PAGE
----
Obama Thinks Hamas, Hezb'allah Have Legiimate Grievances

Ed Lasky

In an interview with New York Times columnist David Brooks , Barack Obama was asked about the statement he released regarding the situation in Lebanon. Specifically this statement was in issue:      

all those who have influence with Hezbollah must press them to stand down immediately. It's time to engage in diplomatic efforts to help build a new Lebanese consensus that focuses on electoral reform, an end to the current corrupt patronage system, and the development of the economy that provides for a fair distribution of services, opportunities and employment.  

This statement was met with criticism for flying in the face of reality, for having a surreal air about it especially when that air was already filled with smoke from the ravages of Hezbollah attacks against the Lebanese government and the Sunni and Christian communities. His solutions seemed more akin to suggestions offered in civics and good government courses rather than geopolitcal and strategy courses.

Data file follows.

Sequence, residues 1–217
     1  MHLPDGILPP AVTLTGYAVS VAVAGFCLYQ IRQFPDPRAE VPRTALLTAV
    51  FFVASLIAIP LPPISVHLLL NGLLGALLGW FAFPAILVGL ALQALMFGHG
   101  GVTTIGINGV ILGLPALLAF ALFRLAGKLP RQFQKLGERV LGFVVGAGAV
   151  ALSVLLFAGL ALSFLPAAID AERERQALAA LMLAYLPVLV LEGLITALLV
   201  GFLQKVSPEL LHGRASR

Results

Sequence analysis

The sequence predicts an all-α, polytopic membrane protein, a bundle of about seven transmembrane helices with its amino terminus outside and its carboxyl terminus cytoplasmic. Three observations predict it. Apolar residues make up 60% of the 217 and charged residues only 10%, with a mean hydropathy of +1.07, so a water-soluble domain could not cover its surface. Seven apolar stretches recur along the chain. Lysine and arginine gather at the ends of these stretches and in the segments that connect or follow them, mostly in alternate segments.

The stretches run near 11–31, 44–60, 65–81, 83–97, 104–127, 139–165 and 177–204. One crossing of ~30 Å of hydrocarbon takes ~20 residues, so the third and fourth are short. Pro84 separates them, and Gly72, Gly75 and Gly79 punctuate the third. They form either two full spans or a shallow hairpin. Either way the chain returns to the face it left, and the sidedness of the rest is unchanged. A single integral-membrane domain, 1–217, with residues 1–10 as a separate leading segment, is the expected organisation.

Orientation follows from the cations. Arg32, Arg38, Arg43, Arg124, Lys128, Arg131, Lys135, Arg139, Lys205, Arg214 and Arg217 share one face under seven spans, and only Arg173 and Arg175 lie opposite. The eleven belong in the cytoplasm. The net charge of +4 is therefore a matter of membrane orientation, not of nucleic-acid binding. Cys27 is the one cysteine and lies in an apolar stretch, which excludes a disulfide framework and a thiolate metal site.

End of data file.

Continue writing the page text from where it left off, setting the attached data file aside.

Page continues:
Brooks gave him an opportunity to undo some of the political damage (amazing how the media always allows Barack Obama to have makeovers when his statements cause him political problems) by expanding on his previously issued statement. He stated that Hezbollah is not a legitimate political party (despite holding seats in the Lebanese Parliament-a fact that he does not acknowledge) and offered further commentary through Brooks: 

I asked him what he meant with all this emphasis on electoral and patronage reform. He said the U.S. should help the Lebanese government deliver better services to the Shiites "to peel support away from Hezbollah" and encourage the local populace to "view them as an oppressive force." The U.S. should "find a mechanism whereby the disaffected have an effective outlet for their grievances, which assures them they are getting social services."